A good book for the critical reader interested in gender stereotypes present from birth to high school in the areas of math/language skills, toy preferences, aggression, nurturance, and single-sex education. With a feminist twist, this book is sure to strike up some controversy amongst students, book club members, or simply to further your thinking on societal and media influences about gender stereotypes. Be careful not to take all research findings at face value - some evidence seems to be small findings from single studies that are blown out of proportion to agree with the author's viewpoint. Nonetheless, interesting read about current topics related to gender stereotypes amongst infants, toddlers, preschool, elementary school, and high school.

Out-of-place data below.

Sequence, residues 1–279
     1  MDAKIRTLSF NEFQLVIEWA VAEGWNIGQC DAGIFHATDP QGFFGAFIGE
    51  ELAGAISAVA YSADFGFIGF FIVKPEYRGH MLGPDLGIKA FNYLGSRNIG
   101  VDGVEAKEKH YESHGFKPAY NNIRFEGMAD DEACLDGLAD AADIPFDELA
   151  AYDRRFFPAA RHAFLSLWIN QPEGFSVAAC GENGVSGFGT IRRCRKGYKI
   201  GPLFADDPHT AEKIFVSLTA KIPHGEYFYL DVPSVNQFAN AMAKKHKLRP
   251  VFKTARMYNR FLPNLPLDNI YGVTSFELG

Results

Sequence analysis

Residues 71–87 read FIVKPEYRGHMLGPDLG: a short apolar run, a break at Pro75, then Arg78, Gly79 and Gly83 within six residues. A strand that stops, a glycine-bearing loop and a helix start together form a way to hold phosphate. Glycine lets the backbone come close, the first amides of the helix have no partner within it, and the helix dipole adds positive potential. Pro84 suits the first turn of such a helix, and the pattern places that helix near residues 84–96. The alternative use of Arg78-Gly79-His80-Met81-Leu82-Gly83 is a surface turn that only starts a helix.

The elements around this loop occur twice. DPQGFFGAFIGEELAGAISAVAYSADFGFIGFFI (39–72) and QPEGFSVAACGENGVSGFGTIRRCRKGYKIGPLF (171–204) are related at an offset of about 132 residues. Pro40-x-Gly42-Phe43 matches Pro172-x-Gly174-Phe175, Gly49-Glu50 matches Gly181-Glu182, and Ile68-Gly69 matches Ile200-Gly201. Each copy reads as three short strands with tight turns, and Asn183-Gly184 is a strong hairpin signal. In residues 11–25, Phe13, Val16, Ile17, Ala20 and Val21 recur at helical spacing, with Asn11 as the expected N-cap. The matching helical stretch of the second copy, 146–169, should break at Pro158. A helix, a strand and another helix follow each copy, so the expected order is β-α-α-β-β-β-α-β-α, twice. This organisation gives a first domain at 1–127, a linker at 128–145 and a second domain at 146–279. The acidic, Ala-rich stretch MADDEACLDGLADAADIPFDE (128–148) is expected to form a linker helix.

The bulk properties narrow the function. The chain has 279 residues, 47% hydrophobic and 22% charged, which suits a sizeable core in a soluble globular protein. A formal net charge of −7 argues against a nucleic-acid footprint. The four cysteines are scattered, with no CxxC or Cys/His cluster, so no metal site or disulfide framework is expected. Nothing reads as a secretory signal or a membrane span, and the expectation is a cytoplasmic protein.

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I originally read this book for a Developmental Class and I found it very interesting. I do not think that it was necessarily relevant for those looking to understand the "differences" or after reading the similarities between boys and girls in the early developmental stage. The book looks at various topics from toy selection, word choices, math skills, and parents to debunk many presumed truths about the differences between boys and girls. While there are multiple research studies present the authors are very general in what they say and have a feminist bias in their work. They do however make valid points that much of the research presented to the public may be skewed or bias itself and presented to show it as truth when in reality there is far more research behind it that was not mentioned. There are many important applications for parents and teachers presented in the book, especially about how parental perception affects children and how much of an impact parents have on what their children think and act. Overall this was a good book to read despite it's own gender bias and general statements.